$${CustOr}_{i,t}={\alpha}_0+{\beta}_1{GDP}_{i,t-1}+{\beta}_2{PriceSensitivity}_{i,t-1}+{\mu}_i+\kern0.5em {\mu}_t+{\varepsilon}_{i,t}$$

where CustOri, t is the national customer orientation for country i in year t, and GDPi, t − 1is the log-scaled per capita GDP in the prior year. PriceSensitivityi, t − 1 is the inverse of the level of customer price sensitivity for country i in the prior year t−1, with lower price sensitivity rated higher, to enable easier interpretation. μi are country-fixed effects to account for unobserved variables related to countries and μt are year-fixed effects to account for unobserved variables related to time.

We estimate the above model separately over two periods to test for drivers of national customer orientation during and after the GFC, wherein lagged independent variables are during the GFC (2007–2009) and after (2010–2017). This analysis allows the intercept, or α,the slopes, or β ′ s,and the country- and year-fixed effects, or μs, to vary between the GFC and post-GFC time periods (e.g., Bremus and Fratzscher, 2015).

All independent variables except the year dummies are lagged by a year to reduce reverse causality concerns. The use of country-fixed effects reduces omitted variables or unobserved heterogeneity concerns by controlling for largely time-invariant country characteristics such as culture, institutions, resources, and technology, which do not change rapidly over time (Witte et al. 2017). The use of time-fixed effects reduces unobserved effects concerns across nations due to omitted variables that could vary over time, such as wars, conflicts, and availability of natural resources. To account for multicollinearity between certain focal variables, we estimate separate models based on entering the correlated variables one at a time, and find that addition of potentially correlated variables does not change level of significance or flip sign/s of previously included variable/s.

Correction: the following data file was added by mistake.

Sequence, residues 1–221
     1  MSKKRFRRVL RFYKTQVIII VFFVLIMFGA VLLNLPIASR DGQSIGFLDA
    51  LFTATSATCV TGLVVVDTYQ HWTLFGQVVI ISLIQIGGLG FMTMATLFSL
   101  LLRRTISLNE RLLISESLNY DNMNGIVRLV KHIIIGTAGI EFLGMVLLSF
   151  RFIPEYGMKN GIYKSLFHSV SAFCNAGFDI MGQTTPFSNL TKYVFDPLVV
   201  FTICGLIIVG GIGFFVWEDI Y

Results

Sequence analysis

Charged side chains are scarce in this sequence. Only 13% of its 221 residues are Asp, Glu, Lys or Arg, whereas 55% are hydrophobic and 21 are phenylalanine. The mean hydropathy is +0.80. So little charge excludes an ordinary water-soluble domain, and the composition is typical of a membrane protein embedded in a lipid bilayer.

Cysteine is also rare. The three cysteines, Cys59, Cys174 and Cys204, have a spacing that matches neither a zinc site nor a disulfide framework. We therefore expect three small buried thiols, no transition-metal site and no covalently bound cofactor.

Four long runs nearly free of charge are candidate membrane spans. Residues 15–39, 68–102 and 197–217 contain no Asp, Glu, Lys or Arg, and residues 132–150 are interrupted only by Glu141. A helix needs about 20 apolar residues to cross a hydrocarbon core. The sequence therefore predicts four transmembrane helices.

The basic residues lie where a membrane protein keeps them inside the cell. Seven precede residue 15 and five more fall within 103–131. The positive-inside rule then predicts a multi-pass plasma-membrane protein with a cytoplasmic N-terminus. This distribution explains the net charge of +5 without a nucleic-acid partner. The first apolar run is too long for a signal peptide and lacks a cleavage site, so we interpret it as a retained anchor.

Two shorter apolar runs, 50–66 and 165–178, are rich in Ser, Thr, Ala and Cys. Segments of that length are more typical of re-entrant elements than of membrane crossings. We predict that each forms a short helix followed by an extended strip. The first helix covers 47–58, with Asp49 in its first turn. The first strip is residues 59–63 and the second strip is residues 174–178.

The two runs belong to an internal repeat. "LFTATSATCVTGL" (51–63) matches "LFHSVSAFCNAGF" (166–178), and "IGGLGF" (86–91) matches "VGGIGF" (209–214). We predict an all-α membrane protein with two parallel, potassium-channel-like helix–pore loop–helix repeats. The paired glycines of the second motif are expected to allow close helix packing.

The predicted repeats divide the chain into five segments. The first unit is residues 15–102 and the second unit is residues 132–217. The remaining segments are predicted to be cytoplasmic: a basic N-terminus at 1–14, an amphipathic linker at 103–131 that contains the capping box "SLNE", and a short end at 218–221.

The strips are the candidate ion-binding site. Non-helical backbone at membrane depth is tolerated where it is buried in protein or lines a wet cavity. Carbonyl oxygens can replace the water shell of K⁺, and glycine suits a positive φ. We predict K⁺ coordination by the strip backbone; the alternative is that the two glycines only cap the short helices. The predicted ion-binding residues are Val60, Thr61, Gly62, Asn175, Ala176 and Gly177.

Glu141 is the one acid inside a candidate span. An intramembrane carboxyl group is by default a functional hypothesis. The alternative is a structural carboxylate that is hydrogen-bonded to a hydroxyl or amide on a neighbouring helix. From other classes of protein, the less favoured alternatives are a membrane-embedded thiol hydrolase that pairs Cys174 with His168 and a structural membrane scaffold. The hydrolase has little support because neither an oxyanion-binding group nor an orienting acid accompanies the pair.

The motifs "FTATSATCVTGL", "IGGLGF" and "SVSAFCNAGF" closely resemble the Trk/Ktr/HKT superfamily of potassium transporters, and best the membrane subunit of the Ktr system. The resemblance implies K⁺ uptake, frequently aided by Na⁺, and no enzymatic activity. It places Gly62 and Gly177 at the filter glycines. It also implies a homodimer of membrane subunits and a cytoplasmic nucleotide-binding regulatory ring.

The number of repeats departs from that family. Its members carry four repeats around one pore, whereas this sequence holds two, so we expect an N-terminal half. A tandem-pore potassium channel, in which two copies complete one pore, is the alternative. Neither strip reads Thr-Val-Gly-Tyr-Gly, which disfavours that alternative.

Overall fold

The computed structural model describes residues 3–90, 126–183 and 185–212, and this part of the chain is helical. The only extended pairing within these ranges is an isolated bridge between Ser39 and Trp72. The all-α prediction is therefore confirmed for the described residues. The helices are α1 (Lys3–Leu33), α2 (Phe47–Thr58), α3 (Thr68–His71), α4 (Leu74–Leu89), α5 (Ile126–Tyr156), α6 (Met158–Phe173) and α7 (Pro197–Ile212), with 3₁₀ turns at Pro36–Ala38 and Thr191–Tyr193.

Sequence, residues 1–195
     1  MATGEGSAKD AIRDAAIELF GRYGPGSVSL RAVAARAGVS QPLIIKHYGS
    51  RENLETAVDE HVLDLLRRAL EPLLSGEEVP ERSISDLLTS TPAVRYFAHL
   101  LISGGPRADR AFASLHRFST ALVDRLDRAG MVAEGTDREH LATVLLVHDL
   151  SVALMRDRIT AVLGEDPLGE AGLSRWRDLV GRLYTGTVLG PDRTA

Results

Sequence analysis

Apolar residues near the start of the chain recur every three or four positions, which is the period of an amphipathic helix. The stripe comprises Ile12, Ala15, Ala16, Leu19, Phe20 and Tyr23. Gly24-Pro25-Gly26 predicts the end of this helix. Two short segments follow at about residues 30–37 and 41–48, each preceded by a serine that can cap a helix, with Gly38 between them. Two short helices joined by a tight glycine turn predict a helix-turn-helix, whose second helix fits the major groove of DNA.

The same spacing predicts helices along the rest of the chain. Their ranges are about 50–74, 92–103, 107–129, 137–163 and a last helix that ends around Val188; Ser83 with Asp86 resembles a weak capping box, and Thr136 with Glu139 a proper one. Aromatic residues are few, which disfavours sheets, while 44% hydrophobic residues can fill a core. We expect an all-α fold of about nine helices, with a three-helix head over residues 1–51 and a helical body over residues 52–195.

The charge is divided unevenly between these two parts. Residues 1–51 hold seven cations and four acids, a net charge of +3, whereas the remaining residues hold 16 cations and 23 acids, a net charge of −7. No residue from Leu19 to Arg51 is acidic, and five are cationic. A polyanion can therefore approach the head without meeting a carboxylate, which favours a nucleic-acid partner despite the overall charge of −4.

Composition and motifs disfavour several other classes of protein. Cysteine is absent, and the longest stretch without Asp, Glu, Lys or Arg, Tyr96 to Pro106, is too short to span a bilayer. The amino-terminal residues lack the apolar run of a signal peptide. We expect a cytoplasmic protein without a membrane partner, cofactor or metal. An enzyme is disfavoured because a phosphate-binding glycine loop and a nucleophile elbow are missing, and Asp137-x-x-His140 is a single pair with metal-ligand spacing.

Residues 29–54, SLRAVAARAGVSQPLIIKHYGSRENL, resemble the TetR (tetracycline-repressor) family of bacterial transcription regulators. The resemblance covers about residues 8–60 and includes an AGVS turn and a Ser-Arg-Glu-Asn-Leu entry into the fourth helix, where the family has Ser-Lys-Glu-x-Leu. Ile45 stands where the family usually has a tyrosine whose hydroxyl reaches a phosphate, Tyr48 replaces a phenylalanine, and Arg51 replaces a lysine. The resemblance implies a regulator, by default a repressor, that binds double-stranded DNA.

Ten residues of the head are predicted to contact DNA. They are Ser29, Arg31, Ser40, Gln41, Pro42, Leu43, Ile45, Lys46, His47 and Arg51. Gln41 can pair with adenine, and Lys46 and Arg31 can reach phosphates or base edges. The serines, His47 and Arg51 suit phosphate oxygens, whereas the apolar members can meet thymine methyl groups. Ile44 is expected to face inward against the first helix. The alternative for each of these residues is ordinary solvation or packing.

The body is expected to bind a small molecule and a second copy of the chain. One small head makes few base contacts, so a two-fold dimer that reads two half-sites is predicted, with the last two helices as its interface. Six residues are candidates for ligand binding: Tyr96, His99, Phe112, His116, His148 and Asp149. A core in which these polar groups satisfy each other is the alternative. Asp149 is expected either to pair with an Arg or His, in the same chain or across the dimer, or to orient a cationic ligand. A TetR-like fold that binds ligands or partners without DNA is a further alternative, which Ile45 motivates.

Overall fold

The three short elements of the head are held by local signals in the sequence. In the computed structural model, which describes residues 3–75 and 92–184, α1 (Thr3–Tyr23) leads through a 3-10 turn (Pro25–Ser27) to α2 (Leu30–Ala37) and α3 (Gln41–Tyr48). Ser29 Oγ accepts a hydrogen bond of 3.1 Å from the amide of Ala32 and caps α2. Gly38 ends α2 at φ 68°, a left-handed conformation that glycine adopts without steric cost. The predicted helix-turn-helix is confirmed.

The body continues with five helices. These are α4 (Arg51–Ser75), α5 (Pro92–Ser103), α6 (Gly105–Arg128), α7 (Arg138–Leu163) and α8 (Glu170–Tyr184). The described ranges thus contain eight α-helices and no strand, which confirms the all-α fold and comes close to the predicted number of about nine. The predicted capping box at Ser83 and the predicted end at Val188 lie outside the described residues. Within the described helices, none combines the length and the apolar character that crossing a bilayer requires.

Eleven controls, taken from WEF and WB, are also included in the model. However, for simplicity, we focus our reported analysis on the reduced model specified above because results of our focal variables are robust across the presence and absence of controls. Correlation matrices are in Web Appendix Table 1.

3.3 Model-free descriptive information

In Fig. 1, panel A, we provide a regional analysis of national customer orientation scores based on the United Nation’s classification of regions. We find richer regions such as Northern America (e.g., Canada, USA), Western Europe (e.g., France, Germany), and Australia/New Zealand have the highest national customer orientation scores, and poorer regions such as Middle Africa (e.g., Cameroon, Chad) and Central Asia (e.g., Kazakhstan, Kyrgyz Republic) have lower scores.

Fig. 1
figure 1

Average national customer orientation by region and year

In Fig. 1, panel B, we show how averaged national customer orientation scores evolve over time based on the WB’s income-based country classifications. We find upper-middle, lower-middle, and low-income countries’ customer orientation scores all decline during the GFC and then begin to recover after the GFC between 2011 and 2012, following a trend similar to the overall average across countries. In contrast, we observe higher-income countries’ recovery of national customer orientation takes longer, after the cessation of the GFC, with the recovery only starting between 2014 and 2015, and not entirely reaching the peaks of national customer scores obtained prior to the GFC.

In Web Appendix Table 2, we provide each individual country’s average scores and rankings across the decade of data in our analysis, for focal variables across the 112 countries in our sample. Switzerland, Japan, USA, Sweden, and Austria are the five countries with the highest average national customer orientation scores, while Mauritania, Chad, Burundi, Algeria, and Lesotho are the five countries with the lowest average national customer orientation scores.